Fab labs are going to rock the world economy like no technology has since the advent of the internal combustion engine. People wonder about the future potential of the Internet – this is a big part of it.
At first, fab labs will be a novelty. They will be hailed as a way for U.S. manufacturers to compete with cheap overseas labor. For the most part manual labor will be eliminated altogether. These first fabricators will be large machines capable of a narrow range of manufacturing. Consumers will be happy with the new goods, mostly plastic toys at first, cheap and marked "Made in America." The Chinese will grumble.
Then some electronics manufacturer, perhaps even a Japanese firm like Sony, will begin single-step fabrication of electronics in factories close to the markets – often right here in the U.S. These electronics will be cheap and tough. The toughness is fortunate because they won’t be repairable. They will be a solid piece of plastic with the electronics embedded within. The electronics will be embedded, printed really, within the plastic like another layer of ink on a page. Again, consumers will be happy.
Around this time a large home-building operation will start fabricating homes. The homes will be compared to Henry Ford’s Model T. A three-man crew will be able to run a fabricator capable of producing a completed home within three days. The homemaker will run three shifts so that the fabricator can operate night and day.
Homebuyers will love these new cheap homes. Homeowners will grumble as home prices dip.
But the real shakeup will begin when some enterprising computer firm offers the first home fab lab. It will connect directly to the computer and look like a large printer. But it will also "print" solid objects. The first models will be capable of fabricating simple things. Manufacturers will laugh nervously at these first models. "Who wants to pay $5,000 to wait 48 hours to print a toothbrush?" they will ask. And they’ll be right. At first just a few nerdy enthusiasts will have them. But they’ll begin writing and exchanging fab plans.
That whoosing sound you’ll hear will be money flying out of the manufacturing and distribution sectors into computer companies (and elsewhere). The home fab labs will get cheaper, faster, and more capable.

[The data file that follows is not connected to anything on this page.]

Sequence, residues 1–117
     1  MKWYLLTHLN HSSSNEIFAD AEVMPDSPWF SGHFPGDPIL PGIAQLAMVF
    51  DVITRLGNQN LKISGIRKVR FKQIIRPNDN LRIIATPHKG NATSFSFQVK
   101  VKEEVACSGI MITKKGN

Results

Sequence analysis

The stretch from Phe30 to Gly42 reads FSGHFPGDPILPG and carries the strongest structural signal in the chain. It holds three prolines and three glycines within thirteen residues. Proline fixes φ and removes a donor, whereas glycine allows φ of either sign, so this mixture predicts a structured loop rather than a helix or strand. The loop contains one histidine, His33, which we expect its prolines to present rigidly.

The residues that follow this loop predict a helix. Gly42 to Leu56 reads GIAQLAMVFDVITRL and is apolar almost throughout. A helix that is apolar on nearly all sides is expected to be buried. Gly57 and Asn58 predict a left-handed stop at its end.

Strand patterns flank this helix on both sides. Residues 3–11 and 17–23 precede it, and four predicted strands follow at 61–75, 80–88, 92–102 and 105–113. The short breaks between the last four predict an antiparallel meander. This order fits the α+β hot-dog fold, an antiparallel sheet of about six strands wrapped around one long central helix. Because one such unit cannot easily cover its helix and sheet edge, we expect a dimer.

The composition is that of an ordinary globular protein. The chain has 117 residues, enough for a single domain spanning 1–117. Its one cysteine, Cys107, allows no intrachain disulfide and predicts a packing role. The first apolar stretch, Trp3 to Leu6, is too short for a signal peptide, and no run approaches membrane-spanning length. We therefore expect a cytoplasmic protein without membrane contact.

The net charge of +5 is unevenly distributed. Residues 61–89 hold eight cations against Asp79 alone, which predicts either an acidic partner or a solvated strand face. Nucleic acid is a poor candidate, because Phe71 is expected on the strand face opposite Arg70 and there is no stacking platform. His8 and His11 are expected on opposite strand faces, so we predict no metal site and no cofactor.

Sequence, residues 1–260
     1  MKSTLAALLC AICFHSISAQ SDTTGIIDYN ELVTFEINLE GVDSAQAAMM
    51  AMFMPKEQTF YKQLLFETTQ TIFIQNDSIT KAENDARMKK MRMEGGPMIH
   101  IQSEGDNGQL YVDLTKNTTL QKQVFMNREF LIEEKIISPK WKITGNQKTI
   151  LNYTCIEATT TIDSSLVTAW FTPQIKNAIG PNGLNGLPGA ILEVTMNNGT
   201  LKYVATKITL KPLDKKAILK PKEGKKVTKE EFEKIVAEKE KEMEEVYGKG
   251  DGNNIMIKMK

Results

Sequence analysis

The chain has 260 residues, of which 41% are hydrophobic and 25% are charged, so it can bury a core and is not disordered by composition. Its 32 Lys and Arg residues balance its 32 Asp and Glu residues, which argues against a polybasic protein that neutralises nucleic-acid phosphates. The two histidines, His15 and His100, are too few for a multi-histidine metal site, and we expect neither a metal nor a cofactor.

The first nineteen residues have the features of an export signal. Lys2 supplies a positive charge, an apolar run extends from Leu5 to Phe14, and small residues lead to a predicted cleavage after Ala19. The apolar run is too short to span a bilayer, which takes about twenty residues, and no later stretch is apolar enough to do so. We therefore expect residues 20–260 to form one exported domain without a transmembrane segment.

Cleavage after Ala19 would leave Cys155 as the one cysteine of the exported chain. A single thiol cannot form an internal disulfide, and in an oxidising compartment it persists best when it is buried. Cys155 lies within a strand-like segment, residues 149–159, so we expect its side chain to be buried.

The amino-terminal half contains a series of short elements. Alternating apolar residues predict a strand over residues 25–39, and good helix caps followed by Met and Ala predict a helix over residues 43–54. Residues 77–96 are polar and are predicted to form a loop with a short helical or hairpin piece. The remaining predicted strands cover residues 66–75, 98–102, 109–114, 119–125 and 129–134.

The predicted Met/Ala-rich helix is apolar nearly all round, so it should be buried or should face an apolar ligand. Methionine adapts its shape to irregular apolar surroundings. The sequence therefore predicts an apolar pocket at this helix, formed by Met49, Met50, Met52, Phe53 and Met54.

And the file sharing black market will grow by leaps and bounds. There will be congressional hearings as companies like Apple and Motorola complain that their intellectual property, the plans for iPods and telephones, are being cloned or just flat stolen and posted on the Internet. There will be efforts to outlaw or limit these devices. People will be jailed for fabricating illegally powerful new fab labs. Others will go to jail for intellectual property theft. But consumers will demand better and better fab labs. Ultimately the majority will rule.
We’ll get the fab labs, but intellectual property theft will be prosecuted more and more seriously. Other types of petty theft will become less common. Why shoplift when you can steal the fab plans for the Playstation 5 off some obscure website or file sharer? File sharing will be heavily policed, but the black market will always be with us.
There will be other changes. Brick and mortar retail stores will be converted to public spaces or abandoned. Some public spaces will be restaurants, coffeehouses, clubs, bars, and churches. But multi-use space will be in increasing demand as connectivity tools allow easy coordination of impromptu events.
My puzzles: Say this were true. What general investments should you make? Would we expect real interest rates to rise or fall? The growing wealth of the future suggests that the marginal utility of future dollars will be very small. That suggests high real rates of interest (intuition: future dollars aren’t worth so much, so you need a high return to "deliver" dollars into that period). That being said, time preference would be relatively low, given higher wealth. The average product of capital would be high but how about the marginal product of capital? Capital would be so plentiful you might do very trivial things with it. When Western economies were relatively stagnant, were real rates of interest higher or lower?